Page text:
And a brief look at this thing : Radiation induced color centers in silica glasses of different OH content says that some glass does react with gamma, although I have no idea what this paper is really about, it just makes me think. Fact is that older the lens, the greater is the yellowing. My lens has a serial number 2066114 and was much more yellow than I saw on images of 3000000+ serial number lenses. And I found some paper saying that the older the thorium glass element is, more gamma and beta it emits, but that output gets stable over time, it doesn't go up forever. So if you have a brand new thorium glass element made in the factory, it would probably be outputing pure alpha radiation, and over time as many daughter decay element isotopes begin to appear in glass, some more stable than the other, which emit gamma and beta they could potentially induce the yellowing of the glass via those gamma decaying isotopes. Until someone makes a valid scientific research we can just keep bleaching the lens using sun, blacklights, JANSJÖ's, and UV LEDs. But I am very interested in the physics and chemistry behind that whole process, it just tickles my inner scientist to question that.


Last edited by zvon; 01-27-2016 at 06:18 PM.
01-27-2016, 07:30 PM   #24
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QuoteOriginally posted by zvon Quote
Also, it would be cool to find out why the yellowing is happening at the first place (and I don't mean scientific by quoting other peoples posts from various other forums), some people say that the glue in the glass is just aging and UV bleaches it, some people say that the glass and/or glue is changing structure as it is reacting with radiation from thorium and other elements in thorium decay chain which are responsible for beta and gamma going through the rear element.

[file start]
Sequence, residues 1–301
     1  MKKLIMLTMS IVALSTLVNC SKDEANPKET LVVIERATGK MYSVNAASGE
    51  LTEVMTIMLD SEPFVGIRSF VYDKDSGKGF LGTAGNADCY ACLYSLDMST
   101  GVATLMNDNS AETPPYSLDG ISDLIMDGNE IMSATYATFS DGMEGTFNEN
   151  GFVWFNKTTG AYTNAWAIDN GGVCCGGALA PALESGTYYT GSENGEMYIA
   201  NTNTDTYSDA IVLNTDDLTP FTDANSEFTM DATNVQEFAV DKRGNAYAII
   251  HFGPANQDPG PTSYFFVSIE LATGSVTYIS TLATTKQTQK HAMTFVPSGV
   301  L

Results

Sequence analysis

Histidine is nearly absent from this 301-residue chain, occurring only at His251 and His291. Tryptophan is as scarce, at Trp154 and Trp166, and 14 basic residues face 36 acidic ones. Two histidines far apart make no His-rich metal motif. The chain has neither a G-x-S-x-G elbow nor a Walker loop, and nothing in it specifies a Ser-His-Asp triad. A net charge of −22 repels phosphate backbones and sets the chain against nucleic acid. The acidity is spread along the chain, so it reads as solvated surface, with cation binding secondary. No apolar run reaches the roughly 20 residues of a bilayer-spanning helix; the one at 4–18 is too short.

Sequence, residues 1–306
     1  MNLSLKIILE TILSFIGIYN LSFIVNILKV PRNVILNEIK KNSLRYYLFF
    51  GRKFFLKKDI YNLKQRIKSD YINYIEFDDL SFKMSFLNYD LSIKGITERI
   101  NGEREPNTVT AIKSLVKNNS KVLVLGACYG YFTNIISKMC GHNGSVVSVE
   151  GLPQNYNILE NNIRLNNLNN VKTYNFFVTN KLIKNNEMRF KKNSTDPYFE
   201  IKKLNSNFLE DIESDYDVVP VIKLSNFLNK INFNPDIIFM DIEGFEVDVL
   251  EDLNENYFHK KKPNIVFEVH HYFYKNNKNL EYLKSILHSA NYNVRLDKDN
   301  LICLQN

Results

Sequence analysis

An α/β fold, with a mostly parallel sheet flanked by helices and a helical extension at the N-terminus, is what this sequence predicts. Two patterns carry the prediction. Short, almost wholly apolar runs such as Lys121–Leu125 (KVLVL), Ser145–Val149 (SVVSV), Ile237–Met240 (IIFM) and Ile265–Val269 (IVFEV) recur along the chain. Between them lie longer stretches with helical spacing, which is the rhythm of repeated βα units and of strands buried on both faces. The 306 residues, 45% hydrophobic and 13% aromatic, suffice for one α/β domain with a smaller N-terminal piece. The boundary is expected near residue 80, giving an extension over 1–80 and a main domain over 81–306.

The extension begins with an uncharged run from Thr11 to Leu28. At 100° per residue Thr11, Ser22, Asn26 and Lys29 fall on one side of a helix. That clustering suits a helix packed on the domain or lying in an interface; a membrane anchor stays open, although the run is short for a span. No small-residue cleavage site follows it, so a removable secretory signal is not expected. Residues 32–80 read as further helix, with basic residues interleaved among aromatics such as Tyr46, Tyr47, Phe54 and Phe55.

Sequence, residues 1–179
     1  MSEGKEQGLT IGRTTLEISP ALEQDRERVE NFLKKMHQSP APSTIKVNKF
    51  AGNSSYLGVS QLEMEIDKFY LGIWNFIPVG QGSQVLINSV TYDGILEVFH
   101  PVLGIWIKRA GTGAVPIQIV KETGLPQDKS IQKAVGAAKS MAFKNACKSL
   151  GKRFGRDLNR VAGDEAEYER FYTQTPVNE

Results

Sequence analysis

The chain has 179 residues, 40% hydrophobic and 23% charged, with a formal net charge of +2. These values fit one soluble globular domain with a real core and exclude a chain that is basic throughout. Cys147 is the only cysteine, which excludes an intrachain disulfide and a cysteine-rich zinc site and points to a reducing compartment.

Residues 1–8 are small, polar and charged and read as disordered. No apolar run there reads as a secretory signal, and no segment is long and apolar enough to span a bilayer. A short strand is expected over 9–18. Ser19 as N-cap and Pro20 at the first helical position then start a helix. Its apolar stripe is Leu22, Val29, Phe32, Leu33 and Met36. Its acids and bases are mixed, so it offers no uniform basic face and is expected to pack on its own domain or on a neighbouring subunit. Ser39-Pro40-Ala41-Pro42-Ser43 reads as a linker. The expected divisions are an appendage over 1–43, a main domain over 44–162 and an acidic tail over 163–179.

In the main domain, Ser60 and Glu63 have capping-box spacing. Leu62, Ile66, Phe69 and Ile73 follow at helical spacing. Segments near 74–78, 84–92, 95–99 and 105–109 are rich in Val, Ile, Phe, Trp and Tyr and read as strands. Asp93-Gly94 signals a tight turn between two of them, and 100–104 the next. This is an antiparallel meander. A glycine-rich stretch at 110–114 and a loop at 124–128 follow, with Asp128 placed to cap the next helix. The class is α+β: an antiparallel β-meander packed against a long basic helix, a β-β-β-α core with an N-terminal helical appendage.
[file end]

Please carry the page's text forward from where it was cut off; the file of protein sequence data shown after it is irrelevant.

I used to think it was glue, but there was work by a forum member a few years back showing that the non-glued elements were stained. Apparently activation of so-called "color centers" happens with when the radiation interacts with additives in the glass. The color depends on the additive. The same thing may happen with natural crystal (amethyst is a good example).

As for the radiation, you are correct in that it is the long-lived daughter isotopes that cause the gamma and beta emissions.


Steve
01-28-2016, 07:07 AM - 1 Like   #25
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QuoteOriginally posted by stevebrot Quote
I used to think it was glue, but there was work by a forum member a few years back showing that the non-glued elements were stained.
That could be me, and my experiences with radioactive lenses

To get more relevant hits, google on glass browning, i.s.o. yellowing.
01-28-2016, 10:28 AM   #26
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QuoteOriginally posted by glasbak Quote
That could be me, and my experiences with radioactive lenses

To get more relevant hits, google on glass browning, i.s.o. yellowing.

excellent, exactly the data I was looking for. Thank you very much for posting that
01-28-2016, 01:05 PM   #27
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QuoteOriginally posted by glasbak Quote
That could be me, and my experiences with radioactive lenses

To get more relevant hits, google on glass browning, i.s.o. yellowing.
Thanks for jumping in! I like your observation regarding the spotty occurrence of radioactivity in the 55/1.8. I have two of those lenses (ser. 832885 and 3637518) and only the newer lens had yellowing.


Steve